David Wise Wins Back-To-Back Olympic Halfpipe Golds While Olympic Rookie Alex Ferreira Scores Silver

By Peggy Shinn | Feb. 21, 2018, 10:49 p.m. (ET)
(L-R) Alex Ferreira, David Wise and Nico Porteous of New Zealand celebrate at the victory ceremony for men's ski halfpipe at the Olympic Winter Games PyeongChang 2018 at Phoenix Snow Park on Feb. 22, 2018 in PyeongChang, South Korea.

 

PYEONGCHANG, South Korea — Four years ago, when David Wise won an Olympic gold medal in halfpipe skiing, he was happy with the medal but frustrated with his performance. In his sport’s Olympic debut, Wise did not think that he — or any of his fellow competitors — showed off halfpipe’s full potential.

At the Olympic Winter Games PyeongChang 2018, Wise soared above what many described as a “perfect halfpipe” and won his second Olympic gold.

After his ski popped off on his first two runs, Wise saved his best for last, scoring 97.20 on his third and final run to take over the lead from teammate Alex Ferreira, who consistently improved throughout his runs, scoring 96.00 on his second run, then sealing his silver medal with a 96.40 on his final run.

The 23-year-old Ferreira had watched Kikkan Randall and Jessie Diggins compete in the team sprint the previous evening and was inspired by their win, the first gold medal ever for the U.S. in cross-country skiing.

“I’m screaming in front of the TV, I’m like, ‘Go, go!’” said Ferreria. “[Jessie] did so well, they both did. It was so cool to watch. That kind of fired me up, that sparked me up. I’m stoked.”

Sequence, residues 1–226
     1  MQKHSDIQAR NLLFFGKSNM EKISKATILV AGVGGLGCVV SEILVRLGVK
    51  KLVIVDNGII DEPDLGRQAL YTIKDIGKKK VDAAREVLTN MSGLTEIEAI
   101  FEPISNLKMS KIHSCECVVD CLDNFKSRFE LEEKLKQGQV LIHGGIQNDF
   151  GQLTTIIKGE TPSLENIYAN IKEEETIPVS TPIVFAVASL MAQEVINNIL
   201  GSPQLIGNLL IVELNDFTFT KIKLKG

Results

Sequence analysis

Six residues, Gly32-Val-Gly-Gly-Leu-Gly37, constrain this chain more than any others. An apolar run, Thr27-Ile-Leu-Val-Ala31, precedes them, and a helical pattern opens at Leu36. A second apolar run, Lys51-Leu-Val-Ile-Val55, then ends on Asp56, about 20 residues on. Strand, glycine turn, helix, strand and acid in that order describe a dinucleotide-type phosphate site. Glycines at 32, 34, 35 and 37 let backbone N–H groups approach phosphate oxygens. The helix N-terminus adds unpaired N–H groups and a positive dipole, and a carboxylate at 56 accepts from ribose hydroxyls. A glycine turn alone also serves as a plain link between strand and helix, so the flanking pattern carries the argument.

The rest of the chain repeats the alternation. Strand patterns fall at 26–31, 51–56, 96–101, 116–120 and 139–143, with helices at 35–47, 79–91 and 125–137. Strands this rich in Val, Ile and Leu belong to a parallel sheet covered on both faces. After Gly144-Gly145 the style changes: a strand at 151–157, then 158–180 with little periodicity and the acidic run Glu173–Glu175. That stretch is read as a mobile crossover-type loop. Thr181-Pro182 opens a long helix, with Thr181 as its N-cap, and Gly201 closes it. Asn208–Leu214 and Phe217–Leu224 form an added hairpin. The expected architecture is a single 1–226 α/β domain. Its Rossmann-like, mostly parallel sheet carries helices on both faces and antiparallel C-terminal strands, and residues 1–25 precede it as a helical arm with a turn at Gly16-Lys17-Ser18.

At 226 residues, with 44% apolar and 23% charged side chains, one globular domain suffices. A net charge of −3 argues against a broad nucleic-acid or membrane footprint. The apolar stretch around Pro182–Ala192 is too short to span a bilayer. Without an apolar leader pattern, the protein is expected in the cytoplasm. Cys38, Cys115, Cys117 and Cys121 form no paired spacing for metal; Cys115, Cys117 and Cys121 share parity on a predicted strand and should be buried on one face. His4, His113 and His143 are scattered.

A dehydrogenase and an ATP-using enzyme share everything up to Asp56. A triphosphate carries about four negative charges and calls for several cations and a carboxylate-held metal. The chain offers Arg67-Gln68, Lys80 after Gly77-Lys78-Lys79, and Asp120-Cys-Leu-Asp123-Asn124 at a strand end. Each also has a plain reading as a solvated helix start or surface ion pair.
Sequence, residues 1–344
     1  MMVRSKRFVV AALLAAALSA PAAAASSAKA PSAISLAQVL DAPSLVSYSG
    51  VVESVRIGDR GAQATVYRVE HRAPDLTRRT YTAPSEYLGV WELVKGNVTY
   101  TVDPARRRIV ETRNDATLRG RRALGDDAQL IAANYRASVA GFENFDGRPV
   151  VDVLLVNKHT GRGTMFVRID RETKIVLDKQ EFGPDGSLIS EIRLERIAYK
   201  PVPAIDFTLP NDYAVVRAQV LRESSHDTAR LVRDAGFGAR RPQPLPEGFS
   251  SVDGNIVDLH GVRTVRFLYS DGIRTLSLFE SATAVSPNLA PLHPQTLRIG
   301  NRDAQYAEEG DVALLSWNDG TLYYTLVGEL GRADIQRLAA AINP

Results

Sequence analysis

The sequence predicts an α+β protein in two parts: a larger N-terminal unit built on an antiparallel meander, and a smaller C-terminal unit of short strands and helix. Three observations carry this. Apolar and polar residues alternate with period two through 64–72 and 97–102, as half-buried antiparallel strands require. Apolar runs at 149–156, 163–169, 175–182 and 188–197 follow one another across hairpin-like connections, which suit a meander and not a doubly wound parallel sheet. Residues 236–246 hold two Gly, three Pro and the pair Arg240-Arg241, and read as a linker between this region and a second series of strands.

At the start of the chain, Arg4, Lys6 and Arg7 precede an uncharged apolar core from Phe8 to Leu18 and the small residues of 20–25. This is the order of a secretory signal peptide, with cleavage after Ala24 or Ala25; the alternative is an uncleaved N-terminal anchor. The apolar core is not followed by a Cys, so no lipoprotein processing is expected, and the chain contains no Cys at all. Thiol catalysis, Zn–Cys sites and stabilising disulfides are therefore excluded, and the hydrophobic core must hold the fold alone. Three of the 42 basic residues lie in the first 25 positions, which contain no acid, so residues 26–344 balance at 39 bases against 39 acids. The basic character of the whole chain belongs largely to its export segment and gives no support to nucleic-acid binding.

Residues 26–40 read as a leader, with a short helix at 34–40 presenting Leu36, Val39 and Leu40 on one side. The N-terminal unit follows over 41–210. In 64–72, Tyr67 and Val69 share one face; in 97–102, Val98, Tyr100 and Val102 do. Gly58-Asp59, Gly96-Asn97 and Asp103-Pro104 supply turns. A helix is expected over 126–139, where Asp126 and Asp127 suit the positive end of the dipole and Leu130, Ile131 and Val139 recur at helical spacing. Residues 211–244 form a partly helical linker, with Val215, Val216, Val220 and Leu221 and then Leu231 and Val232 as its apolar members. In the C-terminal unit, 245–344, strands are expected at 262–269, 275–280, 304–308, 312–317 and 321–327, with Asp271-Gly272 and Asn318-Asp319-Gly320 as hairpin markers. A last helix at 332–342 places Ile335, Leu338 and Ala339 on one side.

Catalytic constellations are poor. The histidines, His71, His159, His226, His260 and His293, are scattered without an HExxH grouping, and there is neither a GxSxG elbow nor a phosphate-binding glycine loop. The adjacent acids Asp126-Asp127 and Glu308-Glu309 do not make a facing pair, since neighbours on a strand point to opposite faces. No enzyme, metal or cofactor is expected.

New Zealand’s Nico Porteous, at age 16 possibly the youngest athlete to win an Olympic medal at these Games, threw his best run ever, scoring a 94.80, and surprised even himself. The teen had never before linked four double cork tricks in one run, let alone five.

Wise was happy to win a second Olympic gold medal. But mostly, the 27-year-old father of two was happy with the entire competition.

“I felt like freeskiing won no matter what I did [on my third run],” said Wise. “Seeing Nico land his run, seeing Alex land some of the best runs of his life, hands down, I knew that we had put on the show that the world deserved to see. So I was able to drop in and let it ride.”

Ferreira barely missed the 2014 Olympic Winter Games in Sochi, and was ecstatic to just be competing in PyeongChang.

“It’s amazing, I’m back, I’m back, baby,” he gushed. “I worked really hard to be here, and I’m just extremely proud to be a part of the event.”